The Siege of Vicksburg was well underway on this day 150 years ago. Confederate Brigadier General Stephen Dill Lee (only very distantly related to Robert E. Lee) held a key section of the Confederate line at the Railroad Redoubt, which defended the approach to Vicksburg along the Southern Railroad of Mississippi. Opposed to S.D. Lee's men were the Union troops of Major General John A. McClernand's XIIIth Corp. With the failure of the frontal assaults on May 19th and May 22nd, McClernand's men began the slow process of digging approach trenches towards the Confederate lines. Lee requested additional clarification on what steps he should take for the defense of his lines.
HDQRS. SECOND Brigadier, STEVENSON'S DIV., May 24, 1863.The map below shows the location of S.D. Lee's brigade in the Confederate lines at Vicksburg, near the Railroad Redoubt. Click on the map to see an enlarged version.
[JOHN J. REEVE:]
MAJOR: I have just returned from the right of my line. The enemy are gradually getting nearer, ditching. I have directed the sharpshooting of my men there to be increased, having one sharpshooter every 8 or 9 yards in the rifle- pits, to fire whenever they see anything to shoot at. I hope this is not violating the spirit of General Pemberton's order about firing, for I consider it absolutely necessary to impede the progress of the enemy's work as much as possible, particularly as they are there within 200 yards of my pits. I consider this necessary not only to impede them, but I do not like to see the enemy working within such short distance of our men without an effort to stop them. Please submit this point, and if I have violated instructions, I ask for specific directions. Our not firing certainly emboldens the enemy. The enemy are evidently in force, gradually approaching nearer to me; their pits and roadway are visible nearly along my whole front, most of them being on the other side of the ravine. The firing of the enemy is relatively the same as yesterday, except this morning, when the bombardment was quite heavy. I submit to the general the point whether it would not be better to commence at once to thicken the earth on the redan and redoubt on the interior, to render them more secure against their artillery, as at present they are by no means proof against it. I have had pits sunk in all of them to render the men more secure. Many of the enemy's wounded are still in my front, and seem to be suffering very much. I will endeavor to-night to collect all the ammunition in the boxes in my front, and would suggest that the same course be pursed all along the line; as quite a large amount of ammunition was obtained in this manner last night. The guns are all beautiful Enfields. Quite a number of arms could be collected all along the line to arm men who require them.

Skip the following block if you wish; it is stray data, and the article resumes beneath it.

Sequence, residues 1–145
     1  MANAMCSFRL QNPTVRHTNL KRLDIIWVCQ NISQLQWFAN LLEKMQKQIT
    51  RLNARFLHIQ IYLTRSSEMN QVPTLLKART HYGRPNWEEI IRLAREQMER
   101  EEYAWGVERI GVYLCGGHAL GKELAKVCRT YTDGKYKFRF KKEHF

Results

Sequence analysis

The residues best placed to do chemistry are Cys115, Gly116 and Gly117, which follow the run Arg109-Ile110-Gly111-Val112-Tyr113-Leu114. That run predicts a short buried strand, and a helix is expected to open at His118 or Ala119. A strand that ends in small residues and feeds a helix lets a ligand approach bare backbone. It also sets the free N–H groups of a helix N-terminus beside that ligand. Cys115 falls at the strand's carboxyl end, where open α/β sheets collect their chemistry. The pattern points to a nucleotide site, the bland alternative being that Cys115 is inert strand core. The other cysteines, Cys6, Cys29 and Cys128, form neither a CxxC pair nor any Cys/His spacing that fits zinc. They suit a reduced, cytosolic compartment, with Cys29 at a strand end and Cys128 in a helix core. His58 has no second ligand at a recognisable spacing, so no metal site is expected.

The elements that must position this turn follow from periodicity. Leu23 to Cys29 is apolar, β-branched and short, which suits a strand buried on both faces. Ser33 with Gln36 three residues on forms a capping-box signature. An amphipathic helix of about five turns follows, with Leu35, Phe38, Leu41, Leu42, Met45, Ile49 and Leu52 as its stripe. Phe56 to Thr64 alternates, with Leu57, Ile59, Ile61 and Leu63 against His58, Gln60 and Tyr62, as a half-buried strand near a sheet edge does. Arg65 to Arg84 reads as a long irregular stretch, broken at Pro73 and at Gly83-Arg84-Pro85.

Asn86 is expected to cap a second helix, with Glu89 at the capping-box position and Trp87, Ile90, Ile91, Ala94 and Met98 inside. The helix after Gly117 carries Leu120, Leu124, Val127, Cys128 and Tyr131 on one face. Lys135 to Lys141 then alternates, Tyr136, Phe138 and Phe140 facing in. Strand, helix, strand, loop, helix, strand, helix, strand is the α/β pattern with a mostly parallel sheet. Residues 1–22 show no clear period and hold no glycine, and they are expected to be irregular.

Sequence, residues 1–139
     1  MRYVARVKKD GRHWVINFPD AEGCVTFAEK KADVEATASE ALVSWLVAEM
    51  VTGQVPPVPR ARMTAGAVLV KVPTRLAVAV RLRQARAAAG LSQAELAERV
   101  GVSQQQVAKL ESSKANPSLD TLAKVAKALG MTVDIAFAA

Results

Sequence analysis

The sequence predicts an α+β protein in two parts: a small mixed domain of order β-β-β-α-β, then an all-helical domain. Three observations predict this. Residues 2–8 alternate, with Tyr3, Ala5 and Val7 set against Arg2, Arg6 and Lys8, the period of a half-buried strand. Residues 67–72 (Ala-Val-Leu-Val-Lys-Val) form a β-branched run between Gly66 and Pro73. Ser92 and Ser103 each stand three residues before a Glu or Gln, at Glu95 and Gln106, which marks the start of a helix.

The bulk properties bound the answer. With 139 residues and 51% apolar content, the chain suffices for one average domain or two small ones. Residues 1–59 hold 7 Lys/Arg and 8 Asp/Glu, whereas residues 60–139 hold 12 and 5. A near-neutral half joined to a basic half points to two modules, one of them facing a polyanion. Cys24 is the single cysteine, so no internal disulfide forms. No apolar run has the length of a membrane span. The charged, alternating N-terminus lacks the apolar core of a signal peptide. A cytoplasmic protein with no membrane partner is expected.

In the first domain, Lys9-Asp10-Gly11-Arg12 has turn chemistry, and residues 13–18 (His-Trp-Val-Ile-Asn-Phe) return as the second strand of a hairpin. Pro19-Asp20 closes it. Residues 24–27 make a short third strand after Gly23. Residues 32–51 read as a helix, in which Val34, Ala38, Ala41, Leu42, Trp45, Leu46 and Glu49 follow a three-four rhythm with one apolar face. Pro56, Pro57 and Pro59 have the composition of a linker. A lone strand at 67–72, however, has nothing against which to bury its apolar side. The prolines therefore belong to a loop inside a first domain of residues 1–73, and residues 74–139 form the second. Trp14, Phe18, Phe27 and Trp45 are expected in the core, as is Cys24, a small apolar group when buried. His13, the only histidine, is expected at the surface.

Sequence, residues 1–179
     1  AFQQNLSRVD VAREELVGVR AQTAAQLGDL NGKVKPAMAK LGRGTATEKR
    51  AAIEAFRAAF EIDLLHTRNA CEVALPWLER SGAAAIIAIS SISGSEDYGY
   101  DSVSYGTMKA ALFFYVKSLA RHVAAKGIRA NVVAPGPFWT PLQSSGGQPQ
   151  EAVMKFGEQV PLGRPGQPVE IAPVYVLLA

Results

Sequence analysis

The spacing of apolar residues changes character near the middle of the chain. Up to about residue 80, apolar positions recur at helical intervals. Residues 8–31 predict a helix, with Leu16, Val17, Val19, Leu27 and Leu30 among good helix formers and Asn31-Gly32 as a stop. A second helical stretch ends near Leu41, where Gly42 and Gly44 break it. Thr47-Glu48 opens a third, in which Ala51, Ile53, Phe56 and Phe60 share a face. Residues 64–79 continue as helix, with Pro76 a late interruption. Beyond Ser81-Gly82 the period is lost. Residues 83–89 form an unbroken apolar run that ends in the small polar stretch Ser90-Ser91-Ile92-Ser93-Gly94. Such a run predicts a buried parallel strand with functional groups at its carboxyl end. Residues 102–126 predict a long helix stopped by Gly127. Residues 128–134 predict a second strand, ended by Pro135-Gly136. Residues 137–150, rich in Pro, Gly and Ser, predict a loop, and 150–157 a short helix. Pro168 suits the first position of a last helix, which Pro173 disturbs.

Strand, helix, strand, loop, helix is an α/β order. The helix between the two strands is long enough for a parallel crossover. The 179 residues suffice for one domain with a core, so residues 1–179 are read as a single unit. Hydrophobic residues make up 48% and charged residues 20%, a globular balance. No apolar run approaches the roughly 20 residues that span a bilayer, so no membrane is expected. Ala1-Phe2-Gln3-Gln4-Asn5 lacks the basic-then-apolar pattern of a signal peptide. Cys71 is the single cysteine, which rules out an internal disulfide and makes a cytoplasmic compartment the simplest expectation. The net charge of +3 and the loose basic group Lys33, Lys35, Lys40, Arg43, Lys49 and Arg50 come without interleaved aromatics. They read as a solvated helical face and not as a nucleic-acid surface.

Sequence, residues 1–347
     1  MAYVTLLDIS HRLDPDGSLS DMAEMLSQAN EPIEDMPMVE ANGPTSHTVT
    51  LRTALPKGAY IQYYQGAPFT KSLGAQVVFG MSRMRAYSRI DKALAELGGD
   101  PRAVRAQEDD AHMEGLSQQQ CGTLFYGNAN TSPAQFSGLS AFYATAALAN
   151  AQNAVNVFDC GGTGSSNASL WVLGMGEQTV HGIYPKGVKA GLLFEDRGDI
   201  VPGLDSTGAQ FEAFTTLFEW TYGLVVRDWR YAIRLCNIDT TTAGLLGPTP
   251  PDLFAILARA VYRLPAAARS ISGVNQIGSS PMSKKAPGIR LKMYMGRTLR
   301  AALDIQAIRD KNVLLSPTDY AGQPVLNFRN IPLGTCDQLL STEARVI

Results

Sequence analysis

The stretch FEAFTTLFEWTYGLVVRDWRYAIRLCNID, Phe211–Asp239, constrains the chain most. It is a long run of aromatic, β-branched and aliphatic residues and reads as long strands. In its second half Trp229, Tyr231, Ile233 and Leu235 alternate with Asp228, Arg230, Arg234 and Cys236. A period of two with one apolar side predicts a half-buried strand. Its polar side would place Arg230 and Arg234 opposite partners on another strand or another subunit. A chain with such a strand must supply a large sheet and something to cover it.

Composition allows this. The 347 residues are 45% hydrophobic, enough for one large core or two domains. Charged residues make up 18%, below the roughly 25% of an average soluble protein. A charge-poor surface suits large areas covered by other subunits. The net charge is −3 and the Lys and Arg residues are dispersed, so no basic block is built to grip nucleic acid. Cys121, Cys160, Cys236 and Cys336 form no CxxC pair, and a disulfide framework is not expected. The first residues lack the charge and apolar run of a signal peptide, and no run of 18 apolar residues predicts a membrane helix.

STEPHEN D. LEE.